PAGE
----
Weekly Daf #94

Library Library Kaddish

The Weekly Daf

Avodah Zarah 44-50 -- Issue #94
29 Cheshvan-5 Kislev 5756 / 22-28 November 1995

Rav Weinbach's insights, explanations and comments for the 7 pages of Talmud studied in the course of the worldwide Daf Yomi cycle

Can't Say "I Can't Say"

In Acco there was a bathhouse located in the courtyard of the temple of the idol Aphrodite. When Rabbi Gamliel was once bathing there he was challenged by a Roman official as to how he was able to do so when the Torah forbids deriving any benefit from idols.

Rabbi Gamliel, says the Mishnah, had three different answers to this challenge but offered no response at all while he was in the bathhouse. Only after he and the official left the bathhouse did the sage turn to him and explain that he could not respond while in the bathhouse because the stench in such a place renders it unfit for speaking sacred words of Torah. Then he proceeded to explain why his bathing there was not considered benefiting from the idol.

This incident indicates that even to say "One is forbidden to respond to a Torah subject in a bathhouse," is itself considered a statement of Torah, and therefore too sacred for a place with an offensive odor.

Avodah Zarah 44b

Who Will Save the Queen?

The story is told of an Egyptian king who presented the chief rabbi in his country with an extremely difficult challenge. While strolling in the royal gardens with his wife on a very hot day the queen could not resist bathing in a cool spring despite the fact that the king thrice forbade her to do so. The royal ministers cited an Egyptian law that such disobedience is punishable by death and insisted on the queen's execution. Anxious to save his beloved queen, the king turned to the Jewish rabbi, the Moslem mufti and the Christian archbishop, promising a reward to the one who found a solution and threatening punishment if no solution were found.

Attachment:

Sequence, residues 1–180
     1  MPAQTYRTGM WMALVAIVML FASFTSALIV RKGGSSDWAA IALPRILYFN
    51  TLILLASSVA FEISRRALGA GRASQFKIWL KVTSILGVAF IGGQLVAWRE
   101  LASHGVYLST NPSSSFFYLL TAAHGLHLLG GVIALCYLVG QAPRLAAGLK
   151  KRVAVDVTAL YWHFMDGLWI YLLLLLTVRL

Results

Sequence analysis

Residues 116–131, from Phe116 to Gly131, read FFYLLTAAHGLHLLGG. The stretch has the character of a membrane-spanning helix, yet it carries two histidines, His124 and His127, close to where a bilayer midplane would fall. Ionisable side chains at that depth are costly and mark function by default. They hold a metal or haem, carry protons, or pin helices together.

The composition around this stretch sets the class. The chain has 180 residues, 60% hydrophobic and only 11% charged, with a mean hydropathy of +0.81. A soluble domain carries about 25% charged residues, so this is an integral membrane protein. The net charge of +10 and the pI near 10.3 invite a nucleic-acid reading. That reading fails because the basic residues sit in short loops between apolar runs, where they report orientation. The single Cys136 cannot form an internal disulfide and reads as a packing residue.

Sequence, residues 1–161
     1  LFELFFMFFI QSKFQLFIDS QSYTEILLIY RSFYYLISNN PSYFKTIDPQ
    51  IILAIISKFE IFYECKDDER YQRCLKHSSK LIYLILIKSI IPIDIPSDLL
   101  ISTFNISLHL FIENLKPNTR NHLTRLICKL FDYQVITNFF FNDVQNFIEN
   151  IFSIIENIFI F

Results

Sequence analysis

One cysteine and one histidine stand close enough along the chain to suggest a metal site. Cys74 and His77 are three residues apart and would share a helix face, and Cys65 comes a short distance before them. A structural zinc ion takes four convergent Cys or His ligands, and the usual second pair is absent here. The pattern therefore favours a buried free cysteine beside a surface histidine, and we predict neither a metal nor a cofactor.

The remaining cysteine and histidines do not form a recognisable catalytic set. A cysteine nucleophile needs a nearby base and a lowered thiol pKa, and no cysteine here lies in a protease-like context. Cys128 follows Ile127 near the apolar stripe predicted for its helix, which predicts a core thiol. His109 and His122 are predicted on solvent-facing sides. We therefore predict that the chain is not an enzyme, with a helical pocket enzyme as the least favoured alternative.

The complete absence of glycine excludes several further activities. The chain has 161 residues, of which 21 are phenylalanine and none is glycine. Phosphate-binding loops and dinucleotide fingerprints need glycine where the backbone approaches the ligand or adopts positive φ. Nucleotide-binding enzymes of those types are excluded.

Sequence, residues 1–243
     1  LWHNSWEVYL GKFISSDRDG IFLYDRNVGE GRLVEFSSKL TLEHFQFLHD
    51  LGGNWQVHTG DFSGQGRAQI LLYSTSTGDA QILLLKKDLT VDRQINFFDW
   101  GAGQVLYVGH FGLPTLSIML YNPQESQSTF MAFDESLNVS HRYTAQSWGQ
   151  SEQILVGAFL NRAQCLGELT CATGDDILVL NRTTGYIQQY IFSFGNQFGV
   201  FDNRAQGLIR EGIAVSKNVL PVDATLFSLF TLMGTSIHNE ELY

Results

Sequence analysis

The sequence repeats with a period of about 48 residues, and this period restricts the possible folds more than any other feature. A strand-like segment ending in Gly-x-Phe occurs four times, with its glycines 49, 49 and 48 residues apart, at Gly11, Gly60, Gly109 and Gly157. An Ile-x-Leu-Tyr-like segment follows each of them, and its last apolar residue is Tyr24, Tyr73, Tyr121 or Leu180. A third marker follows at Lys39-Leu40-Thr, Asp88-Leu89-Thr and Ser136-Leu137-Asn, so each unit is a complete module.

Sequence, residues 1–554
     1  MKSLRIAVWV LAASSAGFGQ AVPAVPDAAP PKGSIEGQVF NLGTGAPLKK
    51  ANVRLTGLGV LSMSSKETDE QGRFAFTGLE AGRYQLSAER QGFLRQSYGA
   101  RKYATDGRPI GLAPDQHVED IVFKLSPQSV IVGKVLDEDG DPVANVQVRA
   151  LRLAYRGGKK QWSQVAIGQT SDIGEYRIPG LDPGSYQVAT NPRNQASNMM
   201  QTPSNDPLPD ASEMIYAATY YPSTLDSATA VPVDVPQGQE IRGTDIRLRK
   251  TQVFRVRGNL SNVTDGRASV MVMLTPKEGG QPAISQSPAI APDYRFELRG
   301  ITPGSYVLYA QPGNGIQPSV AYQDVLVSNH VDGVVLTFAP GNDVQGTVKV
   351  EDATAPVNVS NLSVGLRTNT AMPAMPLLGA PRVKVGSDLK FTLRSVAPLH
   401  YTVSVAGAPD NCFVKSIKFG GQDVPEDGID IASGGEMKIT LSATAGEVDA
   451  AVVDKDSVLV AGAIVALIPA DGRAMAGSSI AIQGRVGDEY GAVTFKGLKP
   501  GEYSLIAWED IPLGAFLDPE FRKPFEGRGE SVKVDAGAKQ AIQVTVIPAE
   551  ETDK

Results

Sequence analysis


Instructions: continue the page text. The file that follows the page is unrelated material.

The rabbi anxiously turned for help to the famed Rav of Brisk, Rabbi Yehoshua Leib Diskin, who then lived in Jerusalem. He immediately sent the rabbi in Egypt a letter citing the Talmudic law that if someone bows in idolatrous worship to specific waters of a flowing spring, the waters which follow them are unaffected and benefit may be derived from them. The reason is that the waters to which he bowed have already passed and these are other waters. In similar fashion the waters which the king had forbade the queen to bathe in had already passed and she had not defied his command when she bathed in the waters which followed.

The solution was accepted by the ministers and the king sent the Brisker Rav a gold medallion in appreciation of the brilliant service.

Avodah Zarah 47a

General Editor: Rabbi Moshe Newman
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